At the end of the day, the MGM movies endure because they are meticulously crafted works of art which offer pure unadulterated escapism and complete and utter joy. As Gene Kelly sang in the 1951 MGM extravaganza An American in Paris, “who could ask for anything more?”!

* A Celebration of MGM Film Music, with John Wilson conducting The John Wilson Orchestra plus singers Curtis Stigers, Kim Criswell, Sir Thomas Allen and Seth MacFarlane, is at the Glasgow Royal Concert Hall on Sunday, November 28.

MGM Musical Highlights

Sir Michael Parkinson, chat show host extraordinaire
Favourite film? “Singin’ In The Rain (1952) – the best-natured movie ever made. The MGM musicals are, in my view, maybe Hollywood’s greatest contribution to the cinema. They stood for perfection in every department and set new standards in music, dance and arranging.”

Favourite number? James Stewart singing Easy To Love in Born To Dance (1936).

“Nowadays, when so much we see from the music industry in TV and movies is frankly mediocre it is salutary and uplifting to the reminded of a time when genius reigned in Hollywood.”

* Parky’s People – The Lives – The Laughs – The Legend (Hodder & Stoughton) is out now, and The Michael Parkinson Collection (BBC DVD) is out now.

Allan Hunter, co-director of the Glasgow Film Festival (February 17-27 2011)
Favourite film? Meet Me in St Louis (1944), maybe because it’s an idealised vision of America that you hope and think maybe did exist – but probably never did. It’s got great songs, Judy Garland probably never looked happier or healthier, the cinematography is wonderful – there’s a kind of warm glow to it – and I think the cast throughout are perfect.

Favourite song?: “Fred Astaire and Eleanor Powell doing Cole Porter’s Begin the Beguine from Broadway Melody of 1940.” 

“It’s the most amazing display of tap dancing and harmony between two performers. Eleanor Powell later said that they spent an entire day just rehearsing hand movements. It’s amazing to watch the two of them in that perfectly synchronized tap dancing routine, and they both seem to be really enjoying themselves.”

Pauline McLean, arts correspondent for BBC Scotland
Favourite film? “Singin’ in the Rain. I never tire of it. It works on so many different levels – part Hollywood history, part romance, spectacular dancing and great music.”

Favourite song? “True Love (by Cole Porter) from High Society (1956).” 

“Bing Crosby and Grace Kelly exude such effortless cool while singing and sailing!”

Nick Varley, managing director of Park Circus film distribution
Favourite film? “Kiss Me Kate (1953). “It might look a bit hammy today but the writing is fantastic – those wonderful Cole Porter lyrics! It was also the only musical to be filmed in 3D.”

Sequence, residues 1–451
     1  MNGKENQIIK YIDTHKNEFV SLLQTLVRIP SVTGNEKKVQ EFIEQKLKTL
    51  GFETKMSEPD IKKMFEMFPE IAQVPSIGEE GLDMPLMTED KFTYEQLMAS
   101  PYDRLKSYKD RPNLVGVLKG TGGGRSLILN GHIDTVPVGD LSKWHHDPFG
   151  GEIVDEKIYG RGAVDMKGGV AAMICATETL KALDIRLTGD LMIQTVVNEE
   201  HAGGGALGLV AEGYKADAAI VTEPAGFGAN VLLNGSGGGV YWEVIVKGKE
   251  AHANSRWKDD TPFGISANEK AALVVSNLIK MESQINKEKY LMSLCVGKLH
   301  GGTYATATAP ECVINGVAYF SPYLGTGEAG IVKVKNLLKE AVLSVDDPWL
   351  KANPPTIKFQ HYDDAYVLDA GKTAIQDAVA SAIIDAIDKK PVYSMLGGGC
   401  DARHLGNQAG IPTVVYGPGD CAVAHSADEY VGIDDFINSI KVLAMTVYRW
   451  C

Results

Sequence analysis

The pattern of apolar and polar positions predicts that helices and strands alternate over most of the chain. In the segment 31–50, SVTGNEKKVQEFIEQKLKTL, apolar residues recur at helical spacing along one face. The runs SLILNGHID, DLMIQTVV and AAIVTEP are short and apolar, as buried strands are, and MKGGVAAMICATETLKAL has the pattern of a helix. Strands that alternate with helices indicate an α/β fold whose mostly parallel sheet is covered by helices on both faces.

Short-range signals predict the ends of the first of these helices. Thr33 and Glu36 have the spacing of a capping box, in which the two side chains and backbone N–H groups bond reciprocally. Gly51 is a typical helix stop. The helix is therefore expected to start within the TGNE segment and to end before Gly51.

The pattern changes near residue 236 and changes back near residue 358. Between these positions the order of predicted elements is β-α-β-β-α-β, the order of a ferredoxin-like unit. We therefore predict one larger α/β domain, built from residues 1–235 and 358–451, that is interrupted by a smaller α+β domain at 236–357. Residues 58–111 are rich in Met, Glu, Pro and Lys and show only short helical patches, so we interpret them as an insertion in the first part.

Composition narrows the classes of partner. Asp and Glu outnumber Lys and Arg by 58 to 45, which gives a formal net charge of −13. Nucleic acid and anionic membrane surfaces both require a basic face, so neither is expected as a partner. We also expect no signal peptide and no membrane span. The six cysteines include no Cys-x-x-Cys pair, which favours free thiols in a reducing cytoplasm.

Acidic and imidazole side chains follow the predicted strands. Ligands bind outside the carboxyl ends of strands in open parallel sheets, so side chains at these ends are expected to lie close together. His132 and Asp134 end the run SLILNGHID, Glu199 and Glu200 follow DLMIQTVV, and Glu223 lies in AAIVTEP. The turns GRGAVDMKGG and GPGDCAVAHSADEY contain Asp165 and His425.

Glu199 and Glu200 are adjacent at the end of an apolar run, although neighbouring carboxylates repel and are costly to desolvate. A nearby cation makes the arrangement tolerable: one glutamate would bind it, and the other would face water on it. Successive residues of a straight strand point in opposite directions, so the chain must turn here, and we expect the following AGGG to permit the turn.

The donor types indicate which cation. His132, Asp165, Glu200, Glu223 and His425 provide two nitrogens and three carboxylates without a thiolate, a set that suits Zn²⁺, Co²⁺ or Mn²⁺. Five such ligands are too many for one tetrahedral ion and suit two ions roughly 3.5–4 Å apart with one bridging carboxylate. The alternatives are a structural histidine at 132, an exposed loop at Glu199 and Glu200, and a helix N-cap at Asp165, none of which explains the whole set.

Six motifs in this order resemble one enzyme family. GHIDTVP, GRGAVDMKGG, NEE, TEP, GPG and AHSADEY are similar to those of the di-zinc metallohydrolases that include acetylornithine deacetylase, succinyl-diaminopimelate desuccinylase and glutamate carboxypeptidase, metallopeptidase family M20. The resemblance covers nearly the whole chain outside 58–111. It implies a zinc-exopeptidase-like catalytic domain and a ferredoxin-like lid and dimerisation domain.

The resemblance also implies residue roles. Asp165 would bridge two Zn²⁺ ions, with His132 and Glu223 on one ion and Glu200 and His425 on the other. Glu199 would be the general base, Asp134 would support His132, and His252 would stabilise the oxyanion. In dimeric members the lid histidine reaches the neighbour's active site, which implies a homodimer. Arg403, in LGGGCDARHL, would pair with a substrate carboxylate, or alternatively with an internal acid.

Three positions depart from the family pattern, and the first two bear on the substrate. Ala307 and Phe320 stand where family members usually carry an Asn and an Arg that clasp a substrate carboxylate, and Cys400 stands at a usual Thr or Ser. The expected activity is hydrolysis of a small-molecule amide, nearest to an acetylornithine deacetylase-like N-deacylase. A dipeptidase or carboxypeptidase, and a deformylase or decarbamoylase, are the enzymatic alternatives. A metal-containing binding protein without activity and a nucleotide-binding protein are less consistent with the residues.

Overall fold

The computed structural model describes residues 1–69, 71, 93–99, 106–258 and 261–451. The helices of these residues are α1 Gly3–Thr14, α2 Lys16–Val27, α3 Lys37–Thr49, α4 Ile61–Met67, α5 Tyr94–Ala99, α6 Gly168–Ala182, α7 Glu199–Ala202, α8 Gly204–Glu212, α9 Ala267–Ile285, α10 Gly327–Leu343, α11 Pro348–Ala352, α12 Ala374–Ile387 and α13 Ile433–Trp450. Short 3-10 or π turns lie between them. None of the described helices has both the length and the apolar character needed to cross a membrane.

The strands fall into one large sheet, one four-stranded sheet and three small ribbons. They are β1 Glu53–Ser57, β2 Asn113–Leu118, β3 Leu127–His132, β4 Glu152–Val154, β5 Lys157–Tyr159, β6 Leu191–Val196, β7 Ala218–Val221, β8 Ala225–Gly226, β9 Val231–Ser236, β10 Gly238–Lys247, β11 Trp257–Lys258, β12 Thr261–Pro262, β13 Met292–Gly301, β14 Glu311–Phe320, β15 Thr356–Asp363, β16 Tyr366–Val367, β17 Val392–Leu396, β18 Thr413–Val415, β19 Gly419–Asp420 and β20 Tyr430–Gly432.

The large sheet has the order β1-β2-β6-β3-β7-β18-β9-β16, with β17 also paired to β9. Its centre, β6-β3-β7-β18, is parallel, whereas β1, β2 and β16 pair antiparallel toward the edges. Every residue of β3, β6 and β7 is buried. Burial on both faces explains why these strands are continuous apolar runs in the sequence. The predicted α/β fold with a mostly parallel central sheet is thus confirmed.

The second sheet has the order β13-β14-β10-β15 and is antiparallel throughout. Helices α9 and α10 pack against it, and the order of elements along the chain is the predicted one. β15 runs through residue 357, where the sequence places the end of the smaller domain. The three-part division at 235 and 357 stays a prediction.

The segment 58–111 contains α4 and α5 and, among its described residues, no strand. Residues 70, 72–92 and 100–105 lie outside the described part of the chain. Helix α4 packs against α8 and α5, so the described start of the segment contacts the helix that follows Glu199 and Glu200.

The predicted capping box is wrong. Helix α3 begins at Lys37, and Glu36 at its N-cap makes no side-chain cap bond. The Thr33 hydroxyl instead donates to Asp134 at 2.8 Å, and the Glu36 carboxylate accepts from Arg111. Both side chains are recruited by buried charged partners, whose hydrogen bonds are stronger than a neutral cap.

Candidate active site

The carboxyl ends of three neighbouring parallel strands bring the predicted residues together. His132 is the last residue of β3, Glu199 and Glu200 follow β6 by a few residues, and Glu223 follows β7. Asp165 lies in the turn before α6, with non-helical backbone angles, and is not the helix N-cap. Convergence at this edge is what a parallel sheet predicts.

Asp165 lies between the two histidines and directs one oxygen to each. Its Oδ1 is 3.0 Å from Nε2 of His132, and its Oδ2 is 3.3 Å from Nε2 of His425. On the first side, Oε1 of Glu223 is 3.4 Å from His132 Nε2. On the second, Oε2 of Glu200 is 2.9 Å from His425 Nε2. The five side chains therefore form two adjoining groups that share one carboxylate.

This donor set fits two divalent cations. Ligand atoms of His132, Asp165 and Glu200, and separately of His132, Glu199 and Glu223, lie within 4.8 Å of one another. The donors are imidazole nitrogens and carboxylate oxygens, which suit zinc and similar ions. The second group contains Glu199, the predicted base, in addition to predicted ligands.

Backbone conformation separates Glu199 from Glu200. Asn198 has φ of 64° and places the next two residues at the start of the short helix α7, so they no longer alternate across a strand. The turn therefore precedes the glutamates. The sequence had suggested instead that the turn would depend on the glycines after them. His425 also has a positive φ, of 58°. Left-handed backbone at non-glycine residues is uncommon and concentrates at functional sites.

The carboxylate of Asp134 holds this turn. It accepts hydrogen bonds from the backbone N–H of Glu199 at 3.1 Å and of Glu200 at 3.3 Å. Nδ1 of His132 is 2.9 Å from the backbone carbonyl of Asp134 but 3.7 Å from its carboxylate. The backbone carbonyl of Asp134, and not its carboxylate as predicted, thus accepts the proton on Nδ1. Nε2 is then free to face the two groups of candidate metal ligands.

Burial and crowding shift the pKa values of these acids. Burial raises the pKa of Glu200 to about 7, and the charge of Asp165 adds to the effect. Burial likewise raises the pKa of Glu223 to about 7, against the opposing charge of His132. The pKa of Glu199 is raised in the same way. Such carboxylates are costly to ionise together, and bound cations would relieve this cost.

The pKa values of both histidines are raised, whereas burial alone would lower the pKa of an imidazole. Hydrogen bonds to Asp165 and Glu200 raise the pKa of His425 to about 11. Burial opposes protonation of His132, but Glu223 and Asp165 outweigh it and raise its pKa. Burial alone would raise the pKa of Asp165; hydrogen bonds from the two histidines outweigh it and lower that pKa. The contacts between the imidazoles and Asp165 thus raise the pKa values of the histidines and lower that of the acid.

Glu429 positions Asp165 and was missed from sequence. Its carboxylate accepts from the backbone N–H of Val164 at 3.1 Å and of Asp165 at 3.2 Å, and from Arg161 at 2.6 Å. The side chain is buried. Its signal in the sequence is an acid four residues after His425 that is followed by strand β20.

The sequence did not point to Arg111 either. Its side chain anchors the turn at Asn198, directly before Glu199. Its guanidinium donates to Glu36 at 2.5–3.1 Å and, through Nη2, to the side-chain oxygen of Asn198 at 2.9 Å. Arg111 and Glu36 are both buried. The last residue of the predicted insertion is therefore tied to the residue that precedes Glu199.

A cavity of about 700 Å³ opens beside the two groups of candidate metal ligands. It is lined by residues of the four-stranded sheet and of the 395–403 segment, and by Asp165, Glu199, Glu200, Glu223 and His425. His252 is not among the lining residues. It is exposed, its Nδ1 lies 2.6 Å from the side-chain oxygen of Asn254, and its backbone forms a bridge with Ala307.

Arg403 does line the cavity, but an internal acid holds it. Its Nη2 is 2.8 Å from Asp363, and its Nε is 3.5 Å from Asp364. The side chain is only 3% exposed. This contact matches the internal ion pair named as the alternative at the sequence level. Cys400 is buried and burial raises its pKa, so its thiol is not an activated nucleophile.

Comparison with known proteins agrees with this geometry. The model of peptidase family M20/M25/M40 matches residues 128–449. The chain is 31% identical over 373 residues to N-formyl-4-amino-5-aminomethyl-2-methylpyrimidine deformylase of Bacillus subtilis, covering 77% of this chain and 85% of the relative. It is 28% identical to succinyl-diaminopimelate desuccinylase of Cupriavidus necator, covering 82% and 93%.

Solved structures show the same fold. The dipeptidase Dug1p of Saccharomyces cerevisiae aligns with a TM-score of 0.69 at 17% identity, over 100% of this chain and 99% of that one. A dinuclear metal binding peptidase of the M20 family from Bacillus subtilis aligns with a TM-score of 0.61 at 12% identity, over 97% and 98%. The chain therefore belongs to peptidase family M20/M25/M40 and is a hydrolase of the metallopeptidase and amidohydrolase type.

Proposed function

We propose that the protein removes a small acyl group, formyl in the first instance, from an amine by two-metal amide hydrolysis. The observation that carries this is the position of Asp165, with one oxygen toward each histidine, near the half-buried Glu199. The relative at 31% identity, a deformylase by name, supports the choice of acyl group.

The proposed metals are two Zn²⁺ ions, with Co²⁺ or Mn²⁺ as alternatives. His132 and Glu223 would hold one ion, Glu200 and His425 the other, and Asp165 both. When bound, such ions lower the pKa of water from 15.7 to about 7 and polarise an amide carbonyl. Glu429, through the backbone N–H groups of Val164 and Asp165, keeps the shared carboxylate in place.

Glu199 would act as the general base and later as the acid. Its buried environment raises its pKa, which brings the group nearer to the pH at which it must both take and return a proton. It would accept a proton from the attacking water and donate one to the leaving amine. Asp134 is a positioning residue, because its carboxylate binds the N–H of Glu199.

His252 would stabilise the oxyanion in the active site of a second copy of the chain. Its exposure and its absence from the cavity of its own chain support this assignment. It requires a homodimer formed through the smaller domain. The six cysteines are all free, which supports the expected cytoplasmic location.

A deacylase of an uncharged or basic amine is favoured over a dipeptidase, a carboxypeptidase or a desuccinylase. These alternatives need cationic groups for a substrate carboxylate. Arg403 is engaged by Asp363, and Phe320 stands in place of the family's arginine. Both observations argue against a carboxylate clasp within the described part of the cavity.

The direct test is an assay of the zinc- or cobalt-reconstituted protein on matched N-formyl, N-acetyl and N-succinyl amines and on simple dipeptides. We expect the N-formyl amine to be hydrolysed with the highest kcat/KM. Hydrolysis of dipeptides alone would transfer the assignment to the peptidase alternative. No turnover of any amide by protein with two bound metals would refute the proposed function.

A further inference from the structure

Favourite song? “I Remember It Well (Lerner and Loewe) from Gigi (1958), sung by Maurice Chevalier and Hermione Gingold.” 

“Gigi was the last great musical to come from the Freed unit and MGM. The song is a poignant reminder of that great period of MGM production.”

ALISON KERR, journalist Favourite film: “Singin’ in the Rain. It’s just the tops in every way – the songs, the dance, the comedy, the costumes, the colour, the brilliant way it tells the story of the birth of the talkies. There’s something for everyone in it.”

Favourite number: “Well, it’s one of many but it gets forgotten because it’s a five-star number in a three-star film – On the Atcheson, Topeka and the Santa Fe, from The Harvey Girls (1946). Judy Garland and co singing Johnny Mercer lyrics, Harry Warren tune – I love how the tune gets passed from singer (and non-singer) to singer, and the scale of the production. Like Singin’ in the Rain, it’s a number I’ve enjoyed sharing with my young children.” 

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3 Comments

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3 responses to “The Magic of the MGM Musicals

  1. Broken Blossom

    It seems there has been a recent trend in the last few years to revive the musical genre for a modern audience (Les Miserables, Mama Mia etc). While I support the revival of supposed ‘out dated genres’ (musicals, silents etc), I however do not believe that the magical days of the MGM studio musicals can ever be revived – once you have attained perfection, everything else merely pales in comparison.

  2. Gene Kelly believed that it could be accomplished. What you need is someone at the helm who has good taste and knows talent. Kelly said in his last years that he believed that the talent today is better than the talent that was available in the 30s and 40s…and that was before all the technological breakthroughs in filmmaking in recent years. What will probably not ever be duplicated is the star system and the vast talent that was employed by one single studio on a steady basis, year after year. Back in the late 70s and early 80s, people were saying that feature animation was dead, never to return. Boy were they wrong. Feature animation is the dominant medium now in terms of dollars. All you need is one person with a vision and a way to pull it off.

  3. Jerry Jewler

    I believe that the demise of the MGM musical began when the studio fired Judy Garland in 1950. Though it produced a number of great musicals in the 1950s, the yellow brick road ultimately reached a dead end on a high cliff, from which that special magic could never return.